For quite some time, the United States has had a well-established reputation for having one of the world’s highest rates of payment fraud. A key reason given for this problem has been the lack of security with US payment cards, which rely only on swiping a magnetic stripe and signature for validation, something that has been an exceptionally easy target for thieves.
On October 17, 2014, U.S. President Barack Obama signed an executive order that was the final impetus needed to push American retailers and payment card issuers to adopt the use of more EMV (Europay, MasterCard, Visa), or chip-and-PIN, cards. In his order, President Obama directed the U.S. federal government to replace its existing magnetic strip payment cards with chip-and-PIN for all of its programs. These cards include government employee credit cards for making purchases and debit cards used to distribute federal benefits to veterans and others. In addition, all point-of-sale (POS) terminals used by the federal government for processing payments will be upgraded to accept the new cards.
This is an important change in the way that Americans use their credit cards, which will hopefully protect against credit card fraud. The U.S. has been slow to accept chip-encoded cards until now because most retailers didn’t have machines that could read them, and they didn’t want to pay for them.
How will the change to chip-and-PIN in the U.S. affect consumers, businesses, banks, and fraudsters?
According to research from MasterCard, 63 percent of consumers are eager to start using chip-and-PIN as soon as possible, and 87 percent are comfortable with making the switch from swiping and expect to adapt quickly to using the new card.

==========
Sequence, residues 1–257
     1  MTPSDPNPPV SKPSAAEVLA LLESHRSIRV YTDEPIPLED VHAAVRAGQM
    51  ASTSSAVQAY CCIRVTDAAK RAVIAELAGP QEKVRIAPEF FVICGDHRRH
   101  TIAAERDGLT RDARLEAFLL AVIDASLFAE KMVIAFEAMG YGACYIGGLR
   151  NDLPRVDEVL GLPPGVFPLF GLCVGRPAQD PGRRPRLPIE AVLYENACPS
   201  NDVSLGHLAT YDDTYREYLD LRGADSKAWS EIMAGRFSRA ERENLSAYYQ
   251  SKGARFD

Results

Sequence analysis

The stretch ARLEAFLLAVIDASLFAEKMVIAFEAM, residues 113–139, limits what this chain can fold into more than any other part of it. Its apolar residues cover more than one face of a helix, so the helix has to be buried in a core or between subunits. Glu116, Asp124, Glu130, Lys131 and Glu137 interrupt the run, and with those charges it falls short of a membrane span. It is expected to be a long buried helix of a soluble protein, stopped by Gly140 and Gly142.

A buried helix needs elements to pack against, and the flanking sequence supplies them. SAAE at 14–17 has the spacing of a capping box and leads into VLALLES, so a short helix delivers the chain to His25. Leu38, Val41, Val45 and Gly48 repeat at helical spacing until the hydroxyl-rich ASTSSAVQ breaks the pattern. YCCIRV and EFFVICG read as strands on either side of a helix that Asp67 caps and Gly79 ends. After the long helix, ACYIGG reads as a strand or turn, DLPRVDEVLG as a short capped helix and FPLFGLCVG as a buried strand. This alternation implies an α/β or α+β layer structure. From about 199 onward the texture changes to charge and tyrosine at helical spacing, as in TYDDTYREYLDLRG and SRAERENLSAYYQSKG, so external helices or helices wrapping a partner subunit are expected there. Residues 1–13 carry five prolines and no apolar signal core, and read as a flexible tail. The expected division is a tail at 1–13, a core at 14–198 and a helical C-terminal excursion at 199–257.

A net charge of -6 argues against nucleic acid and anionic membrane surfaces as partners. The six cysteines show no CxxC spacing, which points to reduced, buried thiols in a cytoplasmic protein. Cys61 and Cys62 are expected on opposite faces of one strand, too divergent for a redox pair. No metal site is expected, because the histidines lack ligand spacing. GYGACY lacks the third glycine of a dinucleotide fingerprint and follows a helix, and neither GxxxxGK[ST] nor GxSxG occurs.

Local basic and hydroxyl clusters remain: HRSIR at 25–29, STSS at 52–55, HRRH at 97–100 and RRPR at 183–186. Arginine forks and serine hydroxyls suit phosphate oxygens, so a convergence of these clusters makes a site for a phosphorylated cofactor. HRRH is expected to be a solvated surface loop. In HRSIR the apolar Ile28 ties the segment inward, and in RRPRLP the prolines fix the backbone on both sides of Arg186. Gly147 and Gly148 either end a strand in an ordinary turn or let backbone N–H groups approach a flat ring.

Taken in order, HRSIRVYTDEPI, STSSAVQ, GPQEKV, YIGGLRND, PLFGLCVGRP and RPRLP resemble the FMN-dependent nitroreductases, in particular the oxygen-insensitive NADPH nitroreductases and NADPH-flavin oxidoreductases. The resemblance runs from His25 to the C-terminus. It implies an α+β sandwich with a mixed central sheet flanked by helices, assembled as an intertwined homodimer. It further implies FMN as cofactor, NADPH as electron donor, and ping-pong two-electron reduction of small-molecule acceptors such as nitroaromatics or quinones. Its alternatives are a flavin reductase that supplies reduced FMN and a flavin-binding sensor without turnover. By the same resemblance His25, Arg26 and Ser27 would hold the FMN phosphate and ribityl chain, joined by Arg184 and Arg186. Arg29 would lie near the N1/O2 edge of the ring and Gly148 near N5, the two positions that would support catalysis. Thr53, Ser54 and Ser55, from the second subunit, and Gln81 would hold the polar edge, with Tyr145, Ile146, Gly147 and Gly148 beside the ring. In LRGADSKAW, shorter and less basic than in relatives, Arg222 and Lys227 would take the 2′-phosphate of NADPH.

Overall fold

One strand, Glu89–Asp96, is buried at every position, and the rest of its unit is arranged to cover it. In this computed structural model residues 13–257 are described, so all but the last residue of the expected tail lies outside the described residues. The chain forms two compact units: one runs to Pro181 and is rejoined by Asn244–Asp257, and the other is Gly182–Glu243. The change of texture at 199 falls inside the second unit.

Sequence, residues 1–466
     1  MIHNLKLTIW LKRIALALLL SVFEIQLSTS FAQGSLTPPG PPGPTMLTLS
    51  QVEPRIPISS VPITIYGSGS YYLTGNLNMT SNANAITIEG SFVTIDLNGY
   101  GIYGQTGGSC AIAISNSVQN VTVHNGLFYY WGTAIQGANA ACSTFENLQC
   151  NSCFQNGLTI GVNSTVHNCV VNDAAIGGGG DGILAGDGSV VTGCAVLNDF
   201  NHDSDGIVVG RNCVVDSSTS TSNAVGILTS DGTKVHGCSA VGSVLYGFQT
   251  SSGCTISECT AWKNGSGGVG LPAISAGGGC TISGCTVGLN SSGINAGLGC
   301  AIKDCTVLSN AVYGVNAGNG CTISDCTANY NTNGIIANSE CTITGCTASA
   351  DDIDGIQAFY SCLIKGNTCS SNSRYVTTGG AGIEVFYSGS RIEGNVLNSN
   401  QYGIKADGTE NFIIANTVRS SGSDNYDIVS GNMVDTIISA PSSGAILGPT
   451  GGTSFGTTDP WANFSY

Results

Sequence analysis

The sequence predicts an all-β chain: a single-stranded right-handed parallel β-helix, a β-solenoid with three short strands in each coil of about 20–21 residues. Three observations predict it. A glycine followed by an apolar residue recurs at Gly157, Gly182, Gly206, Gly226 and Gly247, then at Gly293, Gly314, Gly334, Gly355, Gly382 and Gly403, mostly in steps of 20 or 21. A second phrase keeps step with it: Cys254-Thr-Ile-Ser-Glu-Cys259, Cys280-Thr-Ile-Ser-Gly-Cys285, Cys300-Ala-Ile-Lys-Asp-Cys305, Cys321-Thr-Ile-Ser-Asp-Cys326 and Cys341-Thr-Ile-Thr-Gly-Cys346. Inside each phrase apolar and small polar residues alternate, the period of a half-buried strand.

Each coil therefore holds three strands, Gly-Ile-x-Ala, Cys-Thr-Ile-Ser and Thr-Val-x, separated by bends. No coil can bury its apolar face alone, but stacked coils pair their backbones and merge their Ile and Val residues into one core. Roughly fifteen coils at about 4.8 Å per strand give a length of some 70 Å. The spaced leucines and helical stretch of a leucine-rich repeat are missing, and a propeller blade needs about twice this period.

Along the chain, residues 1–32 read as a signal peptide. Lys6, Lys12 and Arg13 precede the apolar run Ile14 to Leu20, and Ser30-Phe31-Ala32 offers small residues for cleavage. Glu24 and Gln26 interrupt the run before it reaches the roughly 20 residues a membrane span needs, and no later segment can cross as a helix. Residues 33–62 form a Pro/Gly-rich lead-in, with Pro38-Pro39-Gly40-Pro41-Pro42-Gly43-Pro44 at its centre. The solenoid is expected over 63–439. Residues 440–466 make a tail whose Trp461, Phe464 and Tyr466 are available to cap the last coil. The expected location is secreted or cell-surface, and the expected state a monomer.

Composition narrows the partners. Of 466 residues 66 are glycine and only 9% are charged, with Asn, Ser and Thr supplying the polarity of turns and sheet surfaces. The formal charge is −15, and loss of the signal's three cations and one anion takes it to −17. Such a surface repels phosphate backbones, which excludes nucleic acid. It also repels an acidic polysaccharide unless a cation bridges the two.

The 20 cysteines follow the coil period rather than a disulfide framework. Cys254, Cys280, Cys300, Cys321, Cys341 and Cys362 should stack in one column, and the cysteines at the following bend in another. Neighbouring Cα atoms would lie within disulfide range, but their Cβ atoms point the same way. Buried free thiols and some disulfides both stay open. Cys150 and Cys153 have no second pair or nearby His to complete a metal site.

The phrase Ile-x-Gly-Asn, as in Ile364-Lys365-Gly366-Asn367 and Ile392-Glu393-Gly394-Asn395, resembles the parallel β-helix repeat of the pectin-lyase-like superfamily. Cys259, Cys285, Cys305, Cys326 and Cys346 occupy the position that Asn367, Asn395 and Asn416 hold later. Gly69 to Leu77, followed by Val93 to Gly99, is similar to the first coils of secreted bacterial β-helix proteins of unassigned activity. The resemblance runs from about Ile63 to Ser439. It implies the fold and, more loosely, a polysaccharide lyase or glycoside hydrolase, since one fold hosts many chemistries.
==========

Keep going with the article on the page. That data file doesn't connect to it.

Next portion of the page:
In terms of ease of use, there doesn’t seem to be any serious concerns. The same MasterCard study showed that only six percent inserted the card incorrectly, and 27 percent removed the card too soon. The key differences will be entering a security code and waiting for the secure transaction to process.
Now that the U.S. is finally adopting the use of chip-and-PIN for card payments, this removes a major pain point for Americans travelling abroad. Up until now, paying for purchases using credit or debit cards was difficult, if not impossible, in some cases. Americans could not use their chipless cards for payment in Europe due to either staff unfamiliar with processing card swipe purchases or merchants afraid of being held liable for potential fraud from the less secure cards. International travelers to the U.S. will also benefit from having greater protection from fraud, now that they can finally use the chip on their card.
Although merchants in the U.S. are not required to upgrade their POS terminals to support chip-and-PIN, they have a strong financial incentive to do so. As of October 1, 2015, any merchant that doesn’t accept EMV payment cards will be fully liable for the cost of fraudulent transactions.
At first glance, this card-issuer-imposed deadline might seem compelling enough to drive all merchants to make the switch as quickly as possible, but some industry insiders disagree. NACS, an industry group representing convenience stores and fuel retailers in the U.S., is highly skeptical that most retailers will be ready for EMV by October 1. For small merchants, small card transaction volumes may not justify the expense for new card readers, and they may prefer to accept liability for the low levels of fraud that they would expect from traditional swiping. For fuel retailers, costs could run as high as $35,000 per location to upgrade equipment, with the highest cost from modifying fuel pumps.